Tactile Sensing

Michael Erdmann and I have developed a method to reconstruct the shape of an unknown object using tactile sensors without requiring object immobilization [1][2]. Instead, the robot manipulates the object without prehension. The robot infers the shape, motion and center of mass of the object based on the motion of the contact points as measured by tactile sensors. This allows for a natural, continuous interaction between manipulation and sensing. Eventually, it will make robots more capable in the physical world by enabling them to pick up unknown objects.

We have analyzed several different cases of the tactile shape reconstruction problem. First, we considered planar shapes with quasistatic dynamics. Simulations and experiments have validated the analytic results. Next, we extended the analysis to the full dynamics and prove observability of the nonlinear system describing the shape and motion of the object being manipulated. In our simulations, a simple observer based on Newton’s method for root finding can recover unknown shapes with almost negligible errors. Using the same framework we can also describe the shape and dynamics of three-dimensional objects. However, there are some fundamental differences between the planar and three-dimensional case, due to increased tangent dimensionality. Also, perfect global shape reconstruction is impossible in the 3D case, but it is almost trivial to obtain upper and lower bounds on the shape. The 3D shape reconstruction method has also been implemented and we present some simulation results.

The picture on the right shows the basic idea of tactile shape reconstruction in 2D. The fingers rotate about the origin and sense the contact points. Based on the sensor data we can simultaneously reconstruct the shape and motion of the unknown object.

Below is a picture of the experimental setup. It is implemented using an Adept robot arm moving around the two palms (marked with the long white arrows). The object is also marked with an arrow. This is done so that we can sense the ‘ground truth’ with the Adept vision system and compare it with the shape and motion reconstruction from tactile data.

In three dimensions we need three palms:

The next movies show a simple motion of an unknown object rolling around on three stationary palms and the reconstructed curves traced out by the contact points. The convex hull of the curves provides a lower bound on the shape of the object.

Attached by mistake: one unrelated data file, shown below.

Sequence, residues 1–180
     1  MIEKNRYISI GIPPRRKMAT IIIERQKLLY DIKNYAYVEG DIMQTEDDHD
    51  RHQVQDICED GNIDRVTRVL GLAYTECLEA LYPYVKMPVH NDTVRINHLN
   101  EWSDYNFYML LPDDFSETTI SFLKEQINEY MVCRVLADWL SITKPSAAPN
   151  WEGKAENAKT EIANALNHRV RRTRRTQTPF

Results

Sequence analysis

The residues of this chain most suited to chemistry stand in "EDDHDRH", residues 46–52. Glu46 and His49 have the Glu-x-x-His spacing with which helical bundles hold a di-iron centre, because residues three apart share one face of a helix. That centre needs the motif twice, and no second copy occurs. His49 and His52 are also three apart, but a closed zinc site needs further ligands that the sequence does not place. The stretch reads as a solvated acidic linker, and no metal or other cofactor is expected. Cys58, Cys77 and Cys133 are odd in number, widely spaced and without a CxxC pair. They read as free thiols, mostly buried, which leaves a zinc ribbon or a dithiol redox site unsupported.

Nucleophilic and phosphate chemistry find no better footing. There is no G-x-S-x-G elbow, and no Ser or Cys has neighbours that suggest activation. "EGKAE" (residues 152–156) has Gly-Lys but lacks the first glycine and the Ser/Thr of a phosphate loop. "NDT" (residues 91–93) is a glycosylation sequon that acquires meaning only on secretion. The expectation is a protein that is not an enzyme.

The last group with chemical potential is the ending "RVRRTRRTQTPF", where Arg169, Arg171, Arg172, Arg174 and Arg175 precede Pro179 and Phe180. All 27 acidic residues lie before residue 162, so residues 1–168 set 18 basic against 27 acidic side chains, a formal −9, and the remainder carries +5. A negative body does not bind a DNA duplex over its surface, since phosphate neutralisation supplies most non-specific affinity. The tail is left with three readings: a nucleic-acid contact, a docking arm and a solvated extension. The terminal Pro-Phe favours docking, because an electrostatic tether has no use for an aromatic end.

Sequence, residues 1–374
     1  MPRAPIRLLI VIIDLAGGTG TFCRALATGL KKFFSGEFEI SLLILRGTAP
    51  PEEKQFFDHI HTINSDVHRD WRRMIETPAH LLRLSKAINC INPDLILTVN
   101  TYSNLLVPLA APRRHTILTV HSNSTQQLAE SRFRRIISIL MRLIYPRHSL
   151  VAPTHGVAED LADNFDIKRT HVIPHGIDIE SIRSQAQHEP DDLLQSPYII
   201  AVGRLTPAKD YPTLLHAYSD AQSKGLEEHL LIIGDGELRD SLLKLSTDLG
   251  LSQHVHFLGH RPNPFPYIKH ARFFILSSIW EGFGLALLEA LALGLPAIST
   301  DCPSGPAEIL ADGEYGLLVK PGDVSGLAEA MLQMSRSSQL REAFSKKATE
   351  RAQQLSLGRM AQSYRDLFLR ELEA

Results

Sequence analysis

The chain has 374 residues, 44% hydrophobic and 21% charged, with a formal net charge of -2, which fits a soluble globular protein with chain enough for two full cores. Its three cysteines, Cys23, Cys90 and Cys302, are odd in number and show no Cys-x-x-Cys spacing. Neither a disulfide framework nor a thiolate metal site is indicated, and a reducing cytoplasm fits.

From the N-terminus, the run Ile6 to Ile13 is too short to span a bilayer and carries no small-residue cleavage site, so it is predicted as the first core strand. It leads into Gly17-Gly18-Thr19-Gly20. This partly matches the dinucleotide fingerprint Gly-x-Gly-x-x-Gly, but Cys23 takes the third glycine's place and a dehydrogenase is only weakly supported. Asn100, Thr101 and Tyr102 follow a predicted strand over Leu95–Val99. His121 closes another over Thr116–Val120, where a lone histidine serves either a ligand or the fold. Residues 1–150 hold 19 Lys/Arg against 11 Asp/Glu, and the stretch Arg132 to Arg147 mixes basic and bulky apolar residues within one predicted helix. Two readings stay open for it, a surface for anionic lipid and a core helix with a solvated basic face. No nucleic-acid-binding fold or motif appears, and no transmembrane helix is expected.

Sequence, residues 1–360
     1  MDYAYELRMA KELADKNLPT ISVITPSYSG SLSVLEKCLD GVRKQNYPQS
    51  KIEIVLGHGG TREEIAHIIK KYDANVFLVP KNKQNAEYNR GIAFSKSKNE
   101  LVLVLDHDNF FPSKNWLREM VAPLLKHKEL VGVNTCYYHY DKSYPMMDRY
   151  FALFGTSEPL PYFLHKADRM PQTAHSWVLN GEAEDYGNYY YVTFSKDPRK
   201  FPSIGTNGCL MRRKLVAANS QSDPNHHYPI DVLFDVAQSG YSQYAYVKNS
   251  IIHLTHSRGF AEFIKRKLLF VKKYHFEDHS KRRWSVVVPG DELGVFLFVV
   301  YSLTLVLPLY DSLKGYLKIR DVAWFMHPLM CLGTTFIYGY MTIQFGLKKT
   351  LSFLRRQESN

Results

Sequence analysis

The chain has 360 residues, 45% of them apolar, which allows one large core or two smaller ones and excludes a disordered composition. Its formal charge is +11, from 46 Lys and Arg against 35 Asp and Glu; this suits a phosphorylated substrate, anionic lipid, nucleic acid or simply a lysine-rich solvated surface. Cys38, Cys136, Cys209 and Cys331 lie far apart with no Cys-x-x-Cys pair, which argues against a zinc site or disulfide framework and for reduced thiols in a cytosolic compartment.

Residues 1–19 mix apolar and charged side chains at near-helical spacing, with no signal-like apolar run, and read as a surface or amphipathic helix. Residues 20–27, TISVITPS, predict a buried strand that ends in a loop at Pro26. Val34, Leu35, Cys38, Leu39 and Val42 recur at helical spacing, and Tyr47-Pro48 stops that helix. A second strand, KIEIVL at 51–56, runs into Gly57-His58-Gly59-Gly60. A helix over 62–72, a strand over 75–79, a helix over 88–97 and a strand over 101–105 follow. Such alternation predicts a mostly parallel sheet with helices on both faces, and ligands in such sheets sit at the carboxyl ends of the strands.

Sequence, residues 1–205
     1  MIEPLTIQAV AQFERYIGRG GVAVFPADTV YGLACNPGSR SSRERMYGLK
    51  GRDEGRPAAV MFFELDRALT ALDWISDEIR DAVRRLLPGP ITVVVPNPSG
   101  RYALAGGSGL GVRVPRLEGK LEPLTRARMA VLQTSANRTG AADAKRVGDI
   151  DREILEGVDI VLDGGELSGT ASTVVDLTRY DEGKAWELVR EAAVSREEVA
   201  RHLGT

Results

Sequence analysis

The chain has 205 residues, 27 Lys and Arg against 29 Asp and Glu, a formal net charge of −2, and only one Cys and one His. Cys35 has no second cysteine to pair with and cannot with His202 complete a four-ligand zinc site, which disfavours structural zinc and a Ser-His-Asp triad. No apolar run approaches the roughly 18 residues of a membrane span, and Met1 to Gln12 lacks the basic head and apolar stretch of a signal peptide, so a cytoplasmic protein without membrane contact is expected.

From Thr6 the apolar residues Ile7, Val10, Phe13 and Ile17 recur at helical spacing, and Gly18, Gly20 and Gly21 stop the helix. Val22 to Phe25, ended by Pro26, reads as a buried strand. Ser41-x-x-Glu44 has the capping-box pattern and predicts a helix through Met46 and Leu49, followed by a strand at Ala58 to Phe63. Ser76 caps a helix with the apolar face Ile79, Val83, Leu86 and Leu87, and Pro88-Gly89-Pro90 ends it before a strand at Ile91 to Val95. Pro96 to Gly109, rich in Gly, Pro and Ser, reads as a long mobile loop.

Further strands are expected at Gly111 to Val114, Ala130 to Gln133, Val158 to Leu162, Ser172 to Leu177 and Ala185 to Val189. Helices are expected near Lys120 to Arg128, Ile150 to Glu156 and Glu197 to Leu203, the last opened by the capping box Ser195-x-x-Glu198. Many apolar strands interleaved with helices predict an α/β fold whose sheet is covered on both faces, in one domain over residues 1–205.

1. M. Moll and M. A. Erdmann, “Reconstructing the Shape and Motion of Unknown Objects with Active Tactile Sensors,” in Algorithmic Foundations of Robotics V, J.-D. Boissonnat, J. Burdick, K. Goldberg, and S. Hutchinson, Eds. Springer Verlag, 2004, pp. 293–310.
    pdf publisher

    BibTeX

    @incollection{moll2004reconstructing-the-shape-and-motion-of-unknown,
      abstract = "We present a method to simultaneously reconstruct the shape and
            motion of an unknown smooth convex object. The object is manipulated by
            planar palms covered with tactile elements. The shape and dynamics of
            the object can be expressed as a function of the sensor values and the
            motion of the palms. We present a brief review of previous results for
            the planar case. In this paper we show that the 3D case is
            fundamentally different from the planar case, due to increased tangent
            dimensionality. The main contribution of this paper is a shape-dynamics
            analysis in 3D, and the synthesis of shape approximation methods via
            reconstructed contact point curves.",
      author = "Moll, Mark and Erdmann, Michael A.",
      booktitle = "Algorithmic Foundations of Robotics V",
      doi = "10.1007/b80173",
      editor = "Boissonnat, Jean-Daniel and Burdick, Joel and Goldberg, Ken and Hutchinson, Seth",
      keywords = "tactile sensing, shape reconstruction, nonprehensile
            manipulation, contact kinematics",
      pages = "293--310",
      publisher = "Springer Verlag",
      series = "Springer Tracts in Advanced Robotics",
      title = "Reconstructing the Shape and Motion of Unknown Objects with Active
            Tactile Sensors",